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Published on April 19, 2024
Federal Nod Expands MassHealth Coverage, Targets Cost Reduction for Massachusetts FamiliesSource: Unsplash/ Marcelo Leal

MassHealth, the Bay State's Medicaid and Children's Health Insurance Program, has gotten a green light from the feds to open up its coffers wider and lower the strain of insurance costs on Massachusetts families, Governor Maura Healy's office declared today. The Centers for Medicare and Medicaid Services (CMS) blessed the program with an extension of its Section 1115 Demonstration, also known as the '1115 waiver', which means from now till the tail end of 2027, more residents can get a grip on affordable healthcare, and the system can innovate more freely to cut costs and boost efficiency. In a boost for those behind bars, the waiver allows MassHealth to cover a variety of health services for eligible inmates, including youth in Department of Youth Services (DYS) facilities, for up to 90 days before they're set free, as reported by

"Massachusetts has the greatest health care system in the country, but we need to make sure all of our residents can afford it and access it, this latest waiver amendment will expand access to high-quality, affordable health care for hundreds thousands of people who need it most," Governor Healey gushed, as lights up with this update. Dishing out further details, the amendment's green-lighting will let the Health Connector – the state's health insurance marketplace – spread out subsidies to more low- and middle-income folks, aiming for that sweet spot of universal coverage the Healey-Driscoll team is shooting for.

The 1115 waiver isn't just a one-trick pony; it's also prepping to roll out year-round membership stability for adults who are older or experiencing homelessness, doing away with the hiccup of losing coverage due to shifts in one’s lifestyle or income, and it's throwing the lifeline of temporary housing assistance for expectant mothers and families in dire straits, stated Governor Healey’s administration. This fresh suite of assistance measures extends the Medicare Savings Program, nudging the income limit up to the state statutory limit so that more low-income individuals can gain a helping hand with their Medicare premiums, according to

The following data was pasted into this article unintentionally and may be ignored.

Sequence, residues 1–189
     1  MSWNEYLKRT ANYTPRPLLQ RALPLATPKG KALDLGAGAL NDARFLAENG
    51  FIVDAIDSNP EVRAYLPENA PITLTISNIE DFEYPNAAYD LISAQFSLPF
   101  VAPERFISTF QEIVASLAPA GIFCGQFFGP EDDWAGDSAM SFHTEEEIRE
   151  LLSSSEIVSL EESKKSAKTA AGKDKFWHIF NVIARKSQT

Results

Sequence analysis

Secretary of Health and Human Services Kate Walsh hailed the approval, noting "Massachusetts is committed to delivering high-quality and equitable care for Massachusetts residents," and it seems the rest of the Commonwealth's top brass, including Senator Elizabeth Warren and Ed Markey, are standing shoulder to shoulder in this healthcare push; Warren worked months behind-the-scenes with the administration to drum up this federal backing that she says will prop up the state's health care system, also highlighted by Massachusetts government's announcement.

As for the Massachusetts Health Connector's chief Audrey Morse Gasteier, she credits the triumph to a solid tag-team effort between Massachusetts and Uncle Sam, and the sense of victory is also echoed by DYS Commissioner Cecely Reardon and Sheriff Nicholas Cocchi, President of the Massachusetts Sheriffs' Association, who are both spotlighting how the waiver paves the way for an inclusive, effective, and compassionate criminal justice system dance. Cocchi in his statement given to the state’s government site underscored, "The extension of pre-release MassHealth services will enhance the well-being and future of those incarcerated by facilitating continuity of care and establishing trust for individuals 90 days prior to release."